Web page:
No dealing costs – If there are no dealing costs for selling portions equity holders are apathetic between a house administering money through portion redemptions or dividends. For the investor they are worth the same.

Incomplete markets / Institutional restraints – Trading chances are limited. Institutions could avoid puting in none of low dividend paying stocks because of legal limitations, the direction of these none or low paying dividend companies may be forced to pay dividends despite the revenue enhancement load it imposes on single investors.

High dealing costs could take to uncomplete markets every bit good. Investors with small capital necessitate a higher return to counterbalance for paid dealing costs.

Chapter 3: Tax

The difference between the Dutch dividend revenue enhancement per centum and the capital addition revenue enhancement per centum is relevant in this paper. In this chapter I will briefly outlay how the Dutch IRS dainties dividend and capital additions. For comparative grounds I besides briefly explicate how in environing states and in the United States dividends and capital additions are treated.

3.1 The revenue enhancement state of affairs in the Netherlands

Dividend revenue enhancement: In 1965 the dividend revenue enhancement was introduced in the Netherlands. Until the twelvemonth 2006 it was set at 25 % . From January 1st 2007 the dividend revenue enhancement rate was lowered to 15 % . The dividend sum company ‘s wage out to their stockholders is the sum after dividend revenue enhancement. The dividend portion is paid straight to the Dutch IRS. In the revenue enhancement study which you have to make full in at the terminal of the twelvemonth you can subtract the dividend revenue enhancement you have paid during the twelvemonth from your nonexempt income. How much of the paid revenue enhancement can be deducted depends on the income you receive.[ 4 ]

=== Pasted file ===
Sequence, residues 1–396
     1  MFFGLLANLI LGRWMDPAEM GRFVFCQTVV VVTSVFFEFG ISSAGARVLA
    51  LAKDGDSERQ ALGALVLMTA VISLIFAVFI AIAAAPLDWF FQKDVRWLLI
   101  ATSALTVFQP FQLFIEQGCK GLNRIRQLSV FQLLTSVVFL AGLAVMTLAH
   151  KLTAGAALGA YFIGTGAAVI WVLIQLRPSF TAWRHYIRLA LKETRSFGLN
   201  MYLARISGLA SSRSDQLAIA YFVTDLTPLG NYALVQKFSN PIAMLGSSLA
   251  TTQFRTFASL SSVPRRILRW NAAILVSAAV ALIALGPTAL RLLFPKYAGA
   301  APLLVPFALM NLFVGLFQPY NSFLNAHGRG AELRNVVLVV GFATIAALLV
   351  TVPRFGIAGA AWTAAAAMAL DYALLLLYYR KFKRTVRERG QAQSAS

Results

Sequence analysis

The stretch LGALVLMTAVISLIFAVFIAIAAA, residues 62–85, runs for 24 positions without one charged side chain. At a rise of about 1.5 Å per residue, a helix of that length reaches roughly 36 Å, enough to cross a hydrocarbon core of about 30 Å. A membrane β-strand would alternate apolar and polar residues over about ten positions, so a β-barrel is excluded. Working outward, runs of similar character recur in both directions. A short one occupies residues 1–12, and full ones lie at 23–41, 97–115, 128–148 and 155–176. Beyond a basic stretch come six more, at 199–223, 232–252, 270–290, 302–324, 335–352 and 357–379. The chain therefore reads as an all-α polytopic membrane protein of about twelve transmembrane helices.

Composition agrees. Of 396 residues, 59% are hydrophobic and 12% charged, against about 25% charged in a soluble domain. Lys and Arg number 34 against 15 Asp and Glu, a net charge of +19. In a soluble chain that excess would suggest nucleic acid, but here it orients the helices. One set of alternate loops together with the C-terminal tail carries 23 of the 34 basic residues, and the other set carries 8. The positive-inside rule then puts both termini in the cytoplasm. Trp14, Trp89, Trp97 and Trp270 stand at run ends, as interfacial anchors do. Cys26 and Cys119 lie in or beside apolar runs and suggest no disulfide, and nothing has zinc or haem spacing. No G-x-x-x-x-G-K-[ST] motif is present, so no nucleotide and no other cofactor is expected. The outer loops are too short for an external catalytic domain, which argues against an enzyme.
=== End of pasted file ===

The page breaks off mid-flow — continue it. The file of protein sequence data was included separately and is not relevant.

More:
Tax on capital addition: In the Netherlands there is no existent capital addition revenue enhancement like in the United States or the United Kingdom, as mentioned subsequently on. Alternatively there is a level revenue enhancement. This level revenue enhancement per centum consists of a “ theoretical capital output ” of 4 % which is taxed at 30 % . This means that all your belongings and nest eggs, your primary place excluded, are taxed at the 1,2 % revenue enhancement degree. The one-year exempt is set at a‚¬ 20.785.[ 5 ]

3.2 Foreign revenue enhancement state of affairss